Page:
Hate speech online is situated at the intersection of multiple tensions: it is the expression of conflicts between different groups within and across societies; it is a vivid example of how new technologies bring with them both opportunities and challenges; and it implies complex balancing between fundamental rights and principles, including freedom of expression and the defense of human dignity. Most alarmingly, hate speech has been linked to discrimination, ethnic and religious violence, and terrorist recruitment across the world. At PCMLP we have sought to promote new ways to understand this new and growing phenomenon, both at the conceptual and at the practical level. In collaboration with UNESCO, the UK’s Foreign and Commonwealth Office, and as part of our Moot Court competition, we have challenged some of the recurrent assumptions around hate speech online, calling for greater understanding of both offenders and targets. The UNESCO study, Countering Online Hate Speech, provides a global overview of the dynamics characterizing the dissemination of hateful messages online and some of the measures that have been adopted to counteract and mitigate it, highlighting good practices that have emerged at the local and global levels. This research offers a comprehensive analysis of the international, regional and national normative frameworks developed to address hate speech online, and their repercussions for freedom of expression. It also places particular emphasis on social and non-regulatory mechanisms that can help to counter the production, dissemination and impact of hateful messages online.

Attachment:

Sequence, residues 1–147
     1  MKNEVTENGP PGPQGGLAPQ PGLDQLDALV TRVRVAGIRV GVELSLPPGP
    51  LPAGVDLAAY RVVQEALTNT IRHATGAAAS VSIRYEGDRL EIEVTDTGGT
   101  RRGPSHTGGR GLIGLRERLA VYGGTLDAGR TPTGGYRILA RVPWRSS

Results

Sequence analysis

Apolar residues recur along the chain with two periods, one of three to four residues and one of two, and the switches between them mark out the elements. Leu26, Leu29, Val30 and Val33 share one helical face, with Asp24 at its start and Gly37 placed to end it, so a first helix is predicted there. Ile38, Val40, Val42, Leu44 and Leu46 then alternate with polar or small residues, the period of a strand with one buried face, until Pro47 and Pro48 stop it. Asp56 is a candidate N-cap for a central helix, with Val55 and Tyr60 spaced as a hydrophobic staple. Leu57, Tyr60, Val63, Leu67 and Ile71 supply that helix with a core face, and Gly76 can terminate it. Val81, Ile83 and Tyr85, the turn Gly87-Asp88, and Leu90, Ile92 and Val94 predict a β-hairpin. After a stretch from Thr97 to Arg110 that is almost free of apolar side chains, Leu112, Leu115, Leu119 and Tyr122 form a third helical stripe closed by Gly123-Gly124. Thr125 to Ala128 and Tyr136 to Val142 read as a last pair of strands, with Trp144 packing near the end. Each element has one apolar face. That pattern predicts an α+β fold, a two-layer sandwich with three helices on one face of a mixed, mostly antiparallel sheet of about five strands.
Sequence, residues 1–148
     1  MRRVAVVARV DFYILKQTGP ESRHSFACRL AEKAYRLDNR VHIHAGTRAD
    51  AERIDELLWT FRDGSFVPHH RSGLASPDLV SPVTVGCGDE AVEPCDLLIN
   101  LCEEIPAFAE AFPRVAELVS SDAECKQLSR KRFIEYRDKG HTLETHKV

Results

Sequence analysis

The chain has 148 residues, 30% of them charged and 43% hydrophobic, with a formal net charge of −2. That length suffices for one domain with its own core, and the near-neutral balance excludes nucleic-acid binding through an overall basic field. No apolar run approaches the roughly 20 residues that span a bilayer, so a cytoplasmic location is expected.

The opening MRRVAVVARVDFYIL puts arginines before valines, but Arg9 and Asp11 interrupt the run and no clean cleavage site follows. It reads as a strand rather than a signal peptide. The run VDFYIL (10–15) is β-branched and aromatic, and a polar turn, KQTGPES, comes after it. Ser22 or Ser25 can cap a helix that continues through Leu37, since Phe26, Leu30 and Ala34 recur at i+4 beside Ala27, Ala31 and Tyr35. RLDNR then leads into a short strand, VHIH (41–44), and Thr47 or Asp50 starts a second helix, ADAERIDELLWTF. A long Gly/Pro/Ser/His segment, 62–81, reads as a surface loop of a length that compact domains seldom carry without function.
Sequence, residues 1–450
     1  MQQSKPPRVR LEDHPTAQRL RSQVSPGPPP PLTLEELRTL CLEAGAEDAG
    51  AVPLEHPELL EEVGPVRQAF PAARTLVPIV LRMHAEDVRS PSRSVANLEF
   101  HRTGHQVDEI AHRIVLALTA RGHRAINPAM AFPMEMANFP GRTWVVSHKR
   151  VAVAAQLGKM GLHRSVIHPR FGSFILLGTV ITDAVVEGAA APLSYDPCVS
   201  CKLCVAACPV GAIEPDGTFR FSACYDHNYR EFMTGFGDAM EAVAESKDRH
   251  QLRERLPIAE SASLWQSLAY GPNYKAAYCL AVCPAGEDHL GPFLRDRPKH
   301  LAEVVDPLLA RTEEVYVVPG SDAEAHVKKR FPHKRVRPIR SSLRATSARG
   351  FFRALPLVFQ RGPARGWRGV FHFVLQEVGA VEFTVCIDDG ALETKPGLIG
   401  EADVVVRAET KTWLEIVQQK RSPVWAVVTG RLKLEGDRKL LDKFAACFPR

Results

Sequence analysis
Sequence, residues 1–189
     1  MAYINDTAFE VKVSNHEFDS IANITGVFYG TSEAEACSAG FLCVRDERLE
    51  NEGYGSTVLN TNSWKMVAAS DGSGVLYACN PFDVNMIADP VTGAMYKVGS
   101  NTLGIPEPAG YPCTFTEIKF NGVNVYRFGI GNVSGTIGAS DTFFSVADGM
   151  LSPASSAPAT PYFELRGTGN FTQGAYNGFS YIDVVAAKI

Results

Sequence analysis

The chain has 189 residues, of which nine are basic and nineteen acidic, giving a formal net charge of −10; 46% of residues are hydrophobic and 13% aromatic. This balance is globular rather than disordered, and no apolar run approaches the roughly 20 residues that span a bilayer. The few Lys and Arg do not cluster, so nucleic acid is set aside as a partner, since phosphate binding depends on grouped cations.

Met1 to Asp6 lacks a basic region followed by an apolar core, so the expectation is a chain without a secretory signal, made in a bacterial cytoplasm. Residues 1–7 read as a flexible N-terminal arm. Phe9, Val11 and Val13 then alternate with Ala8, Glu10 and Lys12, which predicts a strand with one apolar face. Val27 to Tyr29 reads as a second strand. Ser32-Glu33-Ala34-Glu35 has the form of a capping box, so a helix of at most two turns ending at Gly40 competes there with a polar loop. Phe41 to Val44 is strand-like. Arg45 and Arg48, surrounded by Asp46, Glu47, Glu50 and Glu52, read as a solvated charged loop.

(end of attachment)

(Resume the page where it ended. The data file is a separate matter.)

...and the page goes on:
The Mechachal (“Tolerance” in Amharic) project offers a more focused and empirically grounded understanding not online of hate speech, but of a variety of debates online that emerge around elections. It is one of the most comprehensive attempts to map online debates in social media in Africa and aims at offering new methodological and conceptual tools that can be adapted to other scenarios in Africa and beyond to analyse both extremist messages and opportunities for engagement online. Report 1 and Report 2 are now available.